Kelly Brunt, a cryosphere specialist at Goddard Space Flight Center, Greenbelt, Md., and colleagues were able to link the calving of icebergs from the Sulzberger Ice Shelf in Antarctica following the Tohoku Tsunami, which originated with an earthquake off the coast of Japan in March 2011. The finding, detailed in a paper published online today in the Journal of Glaciology, marks the first direct observation of such a connection between tsunamis and icebergs.

The birth of an iceberg can come about in any number of ways. Often, scientists will see the towering, frozen monoliths break into the polar seas and work backwards to figure out the cause.

So when the Tohoku Tsunami was triggered in the Pacific Ocean on March 11 this spring, Brunt and colleagues immediately looked south. All the way south. Using multiple satellite images, Brunt, Emile Okal at Northwestern University and Douglas MacAyeal at University of Chicago were able to observe new icebergs floating off to sea shortly after the sea swell of the tsunami reached Antarctica.

To put the dynamics of this event in perspective: An earthquake off the coast of Japan caused massive waves to explode out from its epicenter. Swells of water swarmed toward an ice shelf in Antarctica, 8,000 miles (13,600 km) away, and about 18 hours after the earthquake occurred, those waves broke off several chunks of ice that together equaled about two times the surface area of Manhattan. .According to historical records, this particular piece of ice hadn't budged in at least 46 years before the tsunami came along.

And as all that was happening, scientists were able to watch the Antarctic ice shelves in as close to real-time as satellite imagery allows, and catch a glimpse of a new iceberg floating off into the Ross Sea.

"In the past we've had calving events where we've looked for the source. It's a reverse scenario – we see a calving and we go looking for a source," Brunt said. "We knew right away this was one of the biggest events in recent history – we knew there would be enough swell. And this time we had a source."

Scientists first speculated in the 1970s that repeated flexing of an ice shelf – a floating extension of a glacier or ice sheet that sits on land – by waves could cause icebergs to break off. Scientific papers in more recent years have used models and tide gauge measurements in an attempt to quantify the impact of sea swell on ice shelf fronts.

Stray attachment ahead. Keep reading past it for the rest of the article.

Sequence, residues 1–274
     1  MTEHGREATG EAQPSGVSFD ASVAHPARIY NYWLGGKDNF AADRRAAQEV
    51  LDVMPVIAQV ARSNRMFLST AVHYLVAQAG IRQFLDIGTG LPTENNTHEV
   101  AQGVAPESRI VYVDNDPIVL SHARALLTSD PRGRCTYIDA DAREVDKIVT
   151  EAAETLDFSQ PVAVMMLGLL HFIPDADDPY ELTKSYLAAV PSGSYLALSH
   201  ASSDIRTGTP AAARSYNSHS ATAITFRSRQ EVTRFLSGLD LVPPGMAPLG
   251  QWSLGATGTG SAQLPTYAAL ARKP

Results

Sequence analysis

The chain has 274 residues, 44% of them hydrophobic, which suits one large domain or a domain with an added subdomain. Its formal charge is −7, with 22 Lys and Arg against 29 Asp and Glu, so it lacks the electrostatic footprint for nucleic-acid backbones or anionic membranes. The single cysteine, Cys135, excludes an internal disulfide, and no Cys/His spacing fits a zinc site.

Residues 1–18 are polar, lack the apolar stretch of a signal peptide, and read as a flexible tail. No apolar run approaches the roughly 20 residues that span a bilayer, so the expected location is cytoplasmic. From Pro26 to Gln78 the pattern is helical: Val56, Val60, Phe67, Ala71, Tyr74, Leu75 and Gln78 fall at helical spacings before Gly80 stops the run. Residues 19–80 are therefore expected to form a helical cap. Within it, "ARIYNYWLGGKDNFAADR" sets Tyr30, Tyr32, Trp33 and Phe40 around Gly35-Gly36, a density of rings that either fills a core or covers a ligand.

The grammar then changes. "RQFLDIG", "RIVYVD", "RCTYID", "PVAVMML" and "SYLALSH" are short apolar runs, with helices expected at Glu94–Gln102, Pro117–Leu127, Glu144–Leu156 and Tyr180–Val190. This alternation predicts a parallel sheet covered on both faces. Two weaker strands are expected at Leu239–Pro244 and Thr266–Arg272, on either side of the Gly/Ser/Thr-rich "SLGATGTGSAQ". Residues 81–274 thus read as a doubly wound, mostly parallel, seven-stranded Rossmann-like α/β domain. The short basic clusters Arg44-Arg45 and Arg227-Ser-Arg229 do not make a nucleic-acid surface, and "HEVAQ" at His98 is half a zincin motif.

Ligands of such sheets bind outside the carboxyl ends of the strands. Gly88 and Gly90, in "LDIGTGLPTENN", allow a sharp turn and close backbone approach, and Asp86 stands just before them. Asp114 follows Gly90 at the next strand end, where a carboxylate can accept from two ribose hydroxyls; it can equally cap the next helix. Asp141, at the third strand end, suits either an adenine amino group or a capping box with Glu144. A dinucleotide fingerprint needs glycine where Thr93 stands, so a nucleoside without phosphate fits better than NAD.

The swell was likely only about a foot high (30 cm) when it reached the Sulzberger shelf. But the consistency of the waves created enough stress to cause the calving. This particular stretch of floating ice shelf is about 260 feet (80 meters) thick, from its exposed surface to its submerged base.

When the earthquake happened, Okal immediately honed in on the vulnerable faces of the Antarctic continent. Using knowledge of iceberg calving and what a NOAA model showed of the tsunami's projected path across the unobstructed Pacific and Southern oceans, Okal, Brunt and MacAyeal began looking at what is called the Sulzberger Ice Shelf. The Sulzberger shelf faces Sulzberger Bay and New Zealand.

Through a fortuitous break in heavy cloud cover, Brunt spotted what appeared to be a new iceberg in MODerate Imaging Spectroradiometer (MODIS) data.

"I didn't have strong expectations either way whether we'd be able to see something," Brunt said. "The fastest imagery I could get to was from MODIS Rapid Response, but it was pretty cloudy. So I was more pessimistic that it would be too cloudy and we couldn't see anything. Then, there was literally one image where the clouds cleared, and you could see a calving event."

A closer look with synthetic aperture radar data from the European Space Agency satellite, Envisat, which can penetrate clouds, found images of two moderate-sized icebergs – with more, smaller bergs in their wake. The largest iceberg was about four by six miles in surface area – itself about equal to the surface area of one Manhattan. All of the ice surface together about equaled two Manhattans. After looking at historical satellite imagery, the group determined the small outcropping of ice had been there since at least 1965, when it was captured by USGS aerial photography.

The proof that seismic activity can cause Antarctic iceberg calving might shed some light on our knowledge of past events, Okal said.

"In September 1868, Chilean naval officers reported an unseasonal presence of large icebergs in the southernmost Pacific Ocean, and it was later speculated that they may have calved during the great Arica earthquake and tsunami a month earlier," Okal said. "We know now that this is a most probable scenario."

MacAyeal said the event is more proof of the interconnectedness of Earth systems.

"This is an example not only of the way in which events are connected across great ranges of oceanic distance, but also how events in one kind of Earth system, i.e., the plate tectonic system, can connect with another kind of seemingly unrelated event: the calving of icebergs from Antarctica's ice sheet," MacAyeal said.